The AER regulates gas pipelines in all Australian jurisdictions except for Western Australia.
All gas pipelines in Australia are classified as either scheme pipelines (which are subject to full regulation), or non-scheme pipelines (which are subject to light regulation). There are a number of common regulatory requirements that apply to both scheme and non-scheme pipelines, such as information disclosure requirements, access dispute resolution obligations, and various prohibitions/competitive safeguards (e.g. prohibition on preventing or hindering access and ring-fencing provisions). They key difference between these forms of regulation is that scheme pipelines are subject to full price regulation and must submit access agreements to the AER for approval.
The AER is responsible for determining whether the form of regulation of a pipeline should change and does this through making one of two types of form of regulation determinations. The first type is a scheme pipeline determination, which has the effect of making a non-scheme pipeline a scheme pipeline. The second type is a scheme pipeline revocation determination, which has the effect of making a scheme pipeline a non-scheme pipeline.
In assessing whether to make a form of regulation determination (i.e. whether the level of regulation applying to a gas pipeline should change), the AER will conduct a process referred to as a ‘form of regulation review’. As part of a form of regulation review, there will be a public consultation process through which the AER will seek stakeholder comment and views on whether the form of regulation applying to a pipeline should change.
The AER will conduct a form of regulation review in two circumstances:
- First, if the AER receives an application from any person to make a form of regulation determination for a pipeline, it will assess the application and then conduct a review to decide whether to make the determination. There are some limited circumstances where the AER is not required to conduct a review in response to an application, such as where the application is misconceived or lacking in substance.
- Second, the AER may conduct a form of regulation review for a pipeline without receiving an application. That is, the AER may decide whether to make a form of regulation determination of its own initiative.
What the AER is currently considering
The AER is currently considering whether it should initiate form of regulation reviews of any gas pipelines, without first receiving any applications to do so.
The AER has not yet decided whether it will conduct any self-initiated reviews. Additionally, it is not making any determinations on whether the level of regulation of any pipelines should change at this stage or forming any views on this. Instead, the AER is currently only considering whether there is evidence to suggest we should initiate form of regulation reviews in the future.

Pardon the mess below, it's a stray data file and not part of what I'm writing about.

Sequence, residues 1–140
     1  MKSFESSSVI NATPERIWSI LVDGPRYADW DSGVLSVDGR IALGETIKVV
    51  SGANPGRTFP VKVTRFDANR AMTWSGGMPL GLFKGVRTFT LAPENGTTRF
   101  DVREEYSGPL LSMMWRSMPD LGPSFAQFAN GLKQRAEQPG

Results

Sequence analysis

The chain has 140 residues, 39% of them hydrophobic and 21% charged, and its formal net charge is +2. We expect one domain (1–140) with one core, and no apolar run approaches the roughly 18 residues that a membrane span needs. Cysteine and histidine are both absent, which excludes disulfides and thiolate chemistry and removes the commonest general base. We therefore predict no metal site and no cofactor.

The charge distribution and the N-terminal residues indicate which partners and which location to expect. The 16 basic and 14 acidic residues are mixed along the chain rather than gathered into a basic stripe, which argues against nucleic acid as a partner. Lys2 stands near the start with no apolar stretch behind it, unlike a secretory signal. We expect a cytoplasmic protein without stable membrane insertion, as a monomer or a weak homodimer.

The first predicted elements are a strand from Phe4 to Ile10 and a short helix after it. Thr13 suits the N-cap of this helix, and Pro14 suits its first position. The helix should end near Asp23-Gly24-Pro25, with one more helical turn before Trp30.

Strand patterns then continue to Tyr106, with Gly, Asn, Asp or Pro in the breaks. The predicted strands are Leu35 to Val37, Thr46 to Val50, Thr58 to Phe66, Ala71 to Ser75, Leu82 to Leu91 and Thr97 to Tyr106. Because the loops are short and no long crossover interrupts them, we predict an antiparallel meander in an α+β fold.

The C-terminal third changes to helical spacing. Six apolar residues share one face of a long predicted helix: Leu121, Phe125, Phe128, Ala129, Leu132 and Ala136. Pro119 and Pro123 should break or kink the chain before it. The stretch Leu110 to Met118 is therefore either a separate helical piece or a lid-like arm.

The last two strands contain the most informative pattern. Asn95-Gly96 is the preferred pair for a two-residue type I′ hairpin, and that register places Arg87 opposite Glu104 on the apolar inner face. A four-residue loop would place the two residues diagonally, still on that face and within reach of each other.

The AER's view is that it should actively consider whether it should conduct any self-initiated reviews. This is because the changes to the gas pipeline regulatory regime (including the AER’s ability to self-initiate reviews) were intended to ensure that the level of regulation applying to gas pipelines is appropriate and that the long-term interests of consumers are promoted.
In deciding whether to conduct self-initiated reviews, the AER will be guided by the factors relevant to the statutory ‘form of regulation test’ (discussed below) that it must apply when conducting a form of regulation review. However, at this stage, the AER will not be making a full assessment of all elements of the form of regulation test.
Applying the form of regulation test
When conducting a form of regulation review, the AER must apply the statutory ‘form of regulation test’ under section 112 of the National Gas Laws. Under the form of regulation test, the AER must consider the effect that fully or lightly regulating a gas pipeline will have on:
- the promotion of access to pipeline services
- the costs that are likely to be incurred by an efficient service provider, efficient users and efficient prospective users of the pipeline service, and the likely costs to end users.
In doing this, the AER must have regard to the National Gas Objective and the form of regulation factors. The form of regulation factors help the AER to assess a service provider’s market power, and the ability of that service provider to exercise that market power. In summary, the factors are:
- the presence and extent of barriers to entry
- the presence and extent of network externalities, between the pipeline services and other services provided by the service provider
- countervailing market power of users or prospective users
- the extent of substitutes, and elasticity of demand, for the pipeline service and gas.
Following a form of regulation review, the AER will either make a form of regulation determination (i.e. a decision to change the form of regulation) or decide not to make a form of regulation determination.
If the AER decides to make a scheme pipeline determination, the relevant pipeline will become a scheme pipeline. If the AER decides to make a scheme pipeline revocation determination, the relevant pipeline will become a non-scheme pipeline. If the AER decides not to make a determination, the pipeline will retain its current classification as a scheme or non-scheme pipeline.
Further information on the AER’s powers and functions in relation to regulatory determinations, processes for making applications for regulatory determinations, and how the AER will assess applications can be found in the regulatory determinations and elections guide.